Have you got what it takes to Lead a Transformation? Here’s a quick run-down to see how you stack up.

Who is Asking the Question?

It all depends on whether you are questioning your own capabilities on whether you can lead a transformation or whether someone else wants to know if you are up to the job. If it’s the latter, then they clearly have doubts and you should endeavour to find out why.

However let’s start by looking at your own competencies and beliefs. Do these stack up in any way? As we go through this you should also be able to answer the doubters one way or another.


It certainly helps to be single-minded if you are leading a transformation. Think of it this way – somebody needs to really own the vision and, at times, put their foot down to keep things on track. However don’t mistake single-minded with bloody-minded. The latter insists they are right at all cost and that’s not a good idea.

You don’t want to be heading off down a blind alley, rather like the Charge of the Light Brigade at Balaclava. History tells us of the carnage that ensued and frequently even business transformations can suffer similar fates if there is a lack of openness and questioning at the very top.

On the other hand being focused on the destination and refusing to be distracted is certainly a very helpful attribute. People often mistakenly believe that not being too directive means allowing other ideas to creep in all over the place. There is a difference between being single-minded and dictatorial. The former is always open to being informed about options and changes in circumstance. The latter insists they know best and refuses to be questioned even when they pretend they are not a dictator. You only have to look at the Trump administration for the perfect example of what I mean. By comparison Franklin Roosevelt was pretty single-minded in his approach to getting things done and keeping the USA on track during a very challenging period of history.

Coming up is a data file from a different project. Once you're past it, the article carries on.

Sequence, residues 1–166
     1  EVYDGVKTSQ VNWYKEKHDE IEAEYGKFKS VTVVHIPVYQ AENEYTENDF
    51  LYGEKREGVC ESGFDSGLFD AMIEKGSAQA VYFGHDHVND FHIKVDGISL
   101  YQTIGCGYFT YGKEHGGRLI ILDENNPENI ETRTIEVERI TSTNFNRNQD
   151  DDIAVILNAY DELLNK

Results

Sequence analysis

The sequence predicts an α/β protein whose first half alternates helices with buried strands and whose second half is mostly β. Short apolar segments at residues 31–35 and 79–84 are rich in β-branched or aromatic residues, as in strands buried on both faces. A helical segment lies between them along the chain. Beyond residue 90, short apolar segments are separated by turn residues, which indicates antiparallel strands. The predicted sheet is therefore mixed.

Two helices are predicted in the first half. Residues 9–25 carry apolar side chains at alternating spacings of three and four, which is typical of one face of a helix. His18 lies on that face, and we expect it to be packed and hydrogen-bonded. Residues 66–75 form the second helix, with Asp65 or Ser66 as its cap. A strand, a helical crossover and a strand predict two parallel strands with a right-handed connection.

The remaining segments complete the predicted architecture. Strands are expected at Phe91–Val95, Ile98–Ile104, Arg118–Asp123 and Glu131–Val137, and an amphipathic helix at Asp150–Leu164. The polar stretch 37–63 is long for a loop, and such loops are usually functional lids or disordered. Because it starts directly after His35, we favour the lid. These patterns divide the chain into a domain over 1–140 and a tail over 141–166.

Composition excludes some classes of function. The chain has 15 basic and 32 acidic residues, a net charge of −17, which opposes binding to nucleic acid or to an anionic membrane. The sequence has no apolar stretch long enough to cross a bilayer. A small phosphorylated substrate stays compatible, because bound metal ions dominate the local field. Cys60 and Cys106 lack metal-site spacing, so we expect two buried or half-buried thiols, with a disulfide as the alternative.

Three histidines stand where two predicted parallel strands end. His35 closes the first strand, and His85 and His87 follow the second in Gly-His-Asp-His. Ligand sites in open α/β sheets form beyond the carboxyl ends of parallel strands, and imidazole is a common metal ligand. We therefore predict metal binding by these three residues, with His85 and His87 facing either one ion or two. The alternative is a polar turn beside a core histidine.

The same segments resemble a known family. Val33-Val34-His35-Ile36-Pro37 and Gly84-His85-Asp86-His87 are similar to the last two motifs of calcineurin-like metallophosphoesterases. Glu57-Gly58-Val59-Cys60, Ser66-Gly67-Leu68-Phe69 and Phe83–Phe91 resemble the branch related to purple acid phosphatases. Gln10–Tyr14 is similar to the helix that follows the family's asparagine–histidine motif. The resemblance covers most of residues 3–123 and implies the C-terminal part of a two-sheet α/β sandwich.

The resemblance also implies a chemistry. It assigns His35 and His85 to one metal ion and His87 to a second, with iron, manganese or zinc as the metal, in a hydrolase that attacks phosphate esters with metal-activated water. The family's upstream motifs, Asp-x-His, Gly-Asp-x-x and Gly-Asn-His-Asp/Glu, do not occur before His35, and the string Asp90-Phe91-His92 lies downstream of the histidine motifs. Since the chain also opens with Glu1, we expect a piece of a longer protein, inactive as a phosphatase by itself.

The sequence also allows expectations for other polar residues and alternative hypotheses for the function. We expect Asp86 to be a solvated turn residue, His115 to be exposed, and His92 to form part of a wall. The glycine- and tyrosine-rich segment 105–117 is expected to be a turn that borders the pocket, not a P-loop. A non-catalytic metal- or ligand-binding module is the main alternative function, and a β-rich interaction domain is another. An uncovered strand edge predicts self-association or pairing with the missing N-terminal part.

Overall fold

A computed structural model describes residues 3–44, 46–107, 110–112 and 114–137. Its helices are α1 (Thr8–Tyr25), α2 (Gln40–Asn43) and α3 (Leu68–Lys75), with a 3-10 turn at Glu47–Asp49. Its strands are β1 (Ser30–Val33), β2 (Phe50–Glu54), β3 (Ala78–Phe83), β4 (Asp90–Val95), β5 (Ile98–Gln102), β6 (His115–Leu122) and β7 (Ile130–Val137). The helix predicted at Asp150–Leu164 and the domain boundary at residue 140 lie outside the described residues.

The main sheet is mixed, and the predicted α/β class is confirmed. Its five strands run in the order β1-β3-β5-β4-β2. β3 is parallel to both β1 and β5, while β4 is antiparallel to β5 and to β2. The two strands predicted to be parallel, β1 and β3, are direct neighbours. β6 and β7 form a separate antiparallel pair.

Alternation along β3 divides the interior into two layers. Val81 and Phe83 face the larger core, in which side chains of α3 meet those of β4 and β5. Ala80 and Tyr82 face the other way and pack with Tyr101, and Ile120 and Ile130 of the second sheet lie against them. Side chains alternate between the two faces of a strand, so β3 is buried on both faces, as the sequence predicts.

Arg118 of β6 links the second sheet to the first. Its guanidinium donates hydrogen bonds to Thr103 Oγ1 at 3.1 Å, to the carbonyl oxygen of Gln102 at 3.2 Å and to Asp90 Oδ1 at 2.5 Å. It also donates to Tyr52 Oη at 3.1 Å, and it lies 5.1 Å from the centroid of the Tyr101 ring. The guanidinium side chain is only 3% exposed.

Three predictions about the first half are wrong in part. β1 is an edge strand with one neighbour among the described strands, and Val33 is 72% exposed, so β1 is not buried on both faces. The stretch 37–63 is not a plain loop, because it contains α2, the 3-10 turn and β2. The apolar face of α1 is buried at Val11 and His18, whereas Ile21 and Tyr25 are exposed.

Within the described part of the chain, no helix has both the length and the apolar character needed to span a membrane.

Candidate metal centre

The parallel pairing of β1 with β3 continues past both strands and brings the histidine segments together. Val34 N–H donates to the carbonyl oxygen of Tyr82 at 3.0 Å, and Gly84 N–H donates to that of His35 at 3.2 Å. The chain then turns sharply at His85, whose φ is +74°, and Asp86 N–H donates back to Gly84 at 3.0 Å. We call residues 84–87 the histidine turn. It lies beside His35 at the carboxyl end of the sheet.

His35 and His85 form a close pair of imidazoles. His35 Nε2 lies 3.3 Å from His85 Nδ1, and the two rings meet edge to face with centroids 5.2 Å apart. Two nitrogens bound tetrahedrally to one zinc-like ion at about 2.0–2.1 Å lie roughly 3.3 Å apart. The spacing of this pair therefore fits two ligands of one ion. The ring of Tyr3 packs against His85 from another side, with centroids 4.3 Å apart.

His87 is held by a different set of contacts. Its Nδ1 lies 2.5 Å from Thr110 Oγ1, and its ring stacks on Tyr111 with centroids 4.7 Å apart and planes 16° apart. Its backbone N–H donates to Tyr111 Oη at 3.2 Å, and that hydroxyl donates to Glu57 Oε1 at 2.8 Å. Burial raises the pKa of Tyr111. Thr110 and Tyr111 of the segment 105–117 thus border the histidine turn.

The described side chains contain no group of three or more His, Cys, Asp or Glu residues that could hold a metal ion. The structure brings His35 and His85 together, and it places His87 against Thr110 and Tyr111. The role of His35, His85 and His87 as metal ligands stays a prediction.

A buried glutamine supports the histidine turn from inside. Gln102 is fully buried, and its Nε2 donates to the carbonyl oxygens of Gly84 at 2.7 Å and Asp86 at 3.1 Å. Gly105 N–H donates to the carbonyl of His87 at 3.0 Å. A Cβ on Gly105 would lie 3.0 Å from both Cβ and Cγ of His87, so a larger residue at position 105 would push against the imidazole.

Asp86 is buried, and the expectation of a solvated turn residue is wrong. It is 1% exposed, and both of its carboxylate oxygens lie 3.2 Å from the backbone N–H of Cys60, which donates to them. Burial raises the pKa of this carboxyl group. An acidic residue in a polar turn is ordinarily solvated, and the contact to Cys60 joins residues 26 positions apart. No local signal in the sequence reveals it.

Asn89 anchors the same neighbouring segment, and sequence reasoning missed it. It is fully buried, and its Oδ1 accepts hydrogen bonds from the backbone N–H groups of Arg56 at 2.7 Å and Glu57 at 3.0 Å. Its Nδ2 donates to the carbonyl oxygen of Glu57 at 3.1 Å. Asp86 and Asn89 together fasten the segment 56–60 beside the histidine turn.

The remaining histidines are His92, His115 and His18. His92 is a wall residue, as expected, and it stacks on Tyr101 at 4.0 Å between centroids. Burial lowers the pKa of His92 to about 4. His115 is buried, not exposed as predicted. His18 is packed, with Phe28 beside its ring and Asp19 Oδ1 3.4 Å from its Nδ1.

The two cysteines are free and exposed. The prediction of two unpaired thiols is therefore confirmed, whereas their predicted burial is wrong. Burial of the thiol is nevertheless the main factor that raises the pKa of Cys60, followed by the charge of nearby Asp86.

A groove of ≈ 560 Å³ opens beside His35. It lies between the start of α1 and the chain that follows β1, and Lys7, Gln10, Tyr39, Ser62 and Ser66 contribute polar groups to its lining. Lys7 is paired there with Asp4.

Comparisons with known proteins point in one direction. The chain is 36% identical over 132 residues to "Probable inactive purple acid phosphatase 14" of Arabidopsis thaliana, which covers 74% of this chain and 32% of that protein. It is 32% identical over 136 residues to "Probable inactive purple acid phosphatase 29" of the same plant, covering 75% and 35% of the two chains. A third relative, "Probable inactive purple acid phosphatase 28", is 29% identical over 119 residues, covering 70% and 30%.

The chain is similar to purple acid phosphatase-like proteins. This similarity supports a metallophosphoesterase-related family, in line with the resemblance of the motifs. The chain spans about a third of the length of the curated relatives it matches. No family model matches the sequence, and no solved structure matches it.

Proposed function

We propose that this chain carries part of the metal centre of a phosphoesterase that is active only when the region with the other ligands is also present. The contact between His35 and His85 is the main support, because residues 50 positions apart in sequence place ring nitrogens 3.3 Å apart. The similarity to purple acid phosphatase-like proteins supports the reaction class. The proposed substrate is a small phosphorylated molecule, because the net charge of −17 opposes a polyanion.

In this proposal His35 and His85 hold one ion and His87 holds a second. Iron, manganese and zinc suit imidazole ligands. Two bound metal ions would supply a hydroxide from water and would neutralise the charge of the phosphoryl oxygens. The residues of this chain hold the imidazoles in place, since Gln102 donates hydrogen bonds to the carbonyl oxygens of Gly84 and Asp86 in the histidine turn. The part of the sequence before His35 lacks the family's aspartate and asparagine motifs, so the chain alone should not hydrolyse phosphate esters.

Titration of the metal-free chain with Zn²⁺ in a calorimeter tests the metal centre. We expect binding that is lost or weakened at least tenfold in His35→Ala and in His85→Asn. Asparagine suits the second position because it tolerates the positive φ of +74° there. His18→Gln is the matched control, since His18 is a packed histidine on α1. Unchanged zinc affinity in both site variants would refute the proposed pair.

Know All the Answers?

Absolutely not. Knowing who to ask or how to find them is the key. Running the process that gets those answers is the important piece here.

It is a very wise man who knows what he doesn’t know and is prepared to admit it. Even wiser if he then goes about finding out on those occasions when the answers are important. In Belbin terms this is the Resource Investigator. Now leading a transformation often requires this attribute but not necessarily from the leader. Instead they may have a great relationship with a colleague or team member whose role this is and give them the resources to do it. So do you know who is doing this on your behalf if it isn’t your bag?

Do You Delegate Effectively?

Delegation isn’t just a matter of giving someone a job to do. You need to make sure they understand the context and the expected outcomes. Moreover the delegate should have all the skills and resources to do the job or be provided with adequate resource in support. Finally the outcomes need to be measurable and some degree of oversight is probably necessary at interim points to ensure things are going to plan.

On the other hand, failing to delegate is no way to lead a transformation because this needs to be inclusive. You need to bring people along and get their buy-in. How can you do that if they aren’t part of the process of delivery?

Do You Empower or Do You Direct?